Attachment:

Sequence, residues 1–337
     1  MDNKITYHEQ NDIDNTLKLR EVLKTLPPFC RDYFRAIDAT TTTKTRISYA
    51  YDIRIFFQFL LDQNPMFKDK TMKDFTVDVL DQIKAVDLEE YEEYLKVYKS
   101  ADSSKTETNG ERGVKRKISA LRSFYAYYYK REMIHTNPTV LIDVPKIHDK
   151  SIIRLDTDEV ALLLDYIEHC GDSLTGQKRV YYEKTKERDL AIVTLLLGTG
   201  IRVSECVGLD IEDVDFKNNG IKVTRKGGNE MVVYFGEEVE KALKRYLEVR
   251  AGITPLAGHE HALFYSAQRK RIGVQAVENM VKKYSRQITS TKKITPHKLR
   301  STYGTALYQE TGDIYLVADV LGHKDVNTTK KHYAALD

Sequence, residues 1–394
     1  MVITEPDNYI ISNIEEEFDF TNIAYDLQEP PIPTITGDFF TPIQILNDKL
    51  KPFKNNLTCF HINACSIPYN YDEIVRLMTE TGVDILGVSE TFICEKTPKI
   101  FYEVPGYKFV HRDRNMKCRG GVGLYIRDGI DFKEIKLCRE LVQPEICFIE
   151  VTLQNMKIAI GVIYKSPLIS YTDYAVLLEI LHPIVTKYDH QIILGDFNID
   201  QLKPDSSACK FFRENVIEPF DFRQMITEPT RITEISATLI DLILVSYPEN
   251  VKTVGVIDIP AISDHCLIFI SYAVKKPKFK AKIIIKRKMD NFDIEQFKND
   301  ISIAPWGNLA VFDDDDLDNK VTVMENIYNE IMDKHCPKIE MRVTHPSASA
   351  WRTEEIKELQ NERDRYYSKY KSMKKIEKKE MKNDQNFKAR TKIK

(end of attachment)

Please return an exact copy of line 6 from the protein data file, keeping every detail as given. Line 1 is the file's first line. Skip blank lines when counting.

   201  IRVSECVGLD IEDVDFKNNG IKVTRKGGNE MVVYFGEEVE KALKRYLEVR